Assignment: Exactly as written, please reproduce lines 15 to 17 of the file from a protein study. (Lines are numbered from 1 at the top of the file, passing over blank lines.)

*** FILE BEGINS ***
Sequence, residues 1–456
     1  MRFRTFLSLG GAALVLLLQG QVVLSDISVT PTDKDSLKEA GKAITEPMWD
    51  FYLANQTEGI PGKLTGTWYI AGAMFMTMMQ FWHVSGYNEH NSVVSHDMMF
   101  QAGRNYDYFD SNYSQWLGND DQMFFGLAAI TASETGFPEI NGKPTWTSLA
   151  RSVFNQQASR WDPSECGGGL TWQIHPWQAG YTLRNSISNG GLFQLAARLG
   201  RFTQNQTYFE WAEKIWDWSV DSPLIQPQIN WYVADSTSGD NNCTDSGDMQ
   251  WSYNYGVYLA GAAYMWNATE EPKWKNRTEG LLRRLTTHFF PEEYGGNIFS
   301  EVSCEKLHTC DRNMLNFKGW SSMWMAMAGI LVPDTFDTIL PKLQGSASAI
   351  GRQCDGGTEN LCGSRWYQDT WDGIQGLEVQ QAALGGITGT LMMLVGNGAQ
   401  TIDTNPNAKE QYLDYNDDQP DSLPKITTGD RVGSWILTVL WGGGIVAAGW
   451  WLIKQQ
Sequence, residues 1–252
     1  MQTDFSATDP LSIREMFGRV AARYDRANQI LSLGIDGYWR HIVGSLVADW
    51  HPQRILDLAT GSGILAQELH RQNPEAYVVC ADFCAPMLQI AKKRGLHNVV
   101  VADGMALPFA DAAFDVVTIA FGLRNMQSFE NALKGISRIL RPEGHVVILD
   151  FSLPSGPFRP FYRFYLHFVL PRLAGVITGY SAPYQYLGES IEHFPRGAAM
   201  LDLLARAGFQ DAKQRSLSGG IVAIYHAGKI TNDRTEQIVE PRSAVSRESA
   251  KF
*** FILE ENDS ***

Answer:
   101  VADGMALPFA DAAFDVVTIA FGLRNMQSFE NALKGISRIL RPEGHVVILD
   151  FSLPSGPFRP FYRFYLHFVL PRLAGVITGY SAPYQYLGES IEHFPRGAAM
   201  LDLLARAGFQ DAKQRSLSGG IVAIYHAGKI TNDRTEQIVE PRSAVSRESA